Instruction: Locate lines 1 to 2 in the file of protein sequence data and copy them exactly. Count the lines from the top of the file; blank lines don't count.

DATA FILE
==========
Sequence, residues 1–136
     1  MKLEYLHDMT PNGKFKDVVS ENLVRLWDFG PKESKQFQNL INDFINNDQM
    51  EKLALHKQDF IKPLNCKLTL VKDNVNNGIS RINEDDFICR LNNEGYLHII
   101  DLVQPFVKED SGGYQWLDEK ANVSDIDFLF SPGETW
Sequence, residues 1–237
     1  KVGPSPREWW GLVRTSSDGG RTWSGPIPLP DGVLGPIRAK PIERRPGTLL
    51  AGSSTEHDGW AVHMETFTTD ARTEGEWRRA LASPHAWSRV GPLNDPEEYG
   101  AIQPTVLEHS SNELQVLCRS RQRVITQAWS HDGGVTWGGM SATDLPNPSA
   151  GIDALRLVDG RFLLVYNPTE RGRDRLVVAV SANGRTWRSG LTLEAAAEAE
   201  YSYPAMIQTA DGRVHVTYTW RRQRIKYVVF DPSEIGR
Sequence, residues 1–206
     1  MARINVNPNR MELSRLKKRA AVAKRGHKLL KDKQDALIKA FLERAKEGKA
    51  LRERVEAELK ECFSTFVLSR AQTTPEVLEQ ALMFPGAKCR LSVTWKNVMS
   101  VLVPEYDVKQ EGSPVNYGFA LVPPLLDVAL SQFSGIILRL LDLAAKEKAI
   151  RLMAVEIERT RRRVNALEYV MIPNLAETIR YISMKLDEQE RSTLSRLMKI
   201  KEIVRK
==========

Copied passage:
Sequence, residues 1–136
     1  MKLEYLHDMT PNGKFKDVVS ENLVRLWDFG PKESKQFQNL INDFINNDQM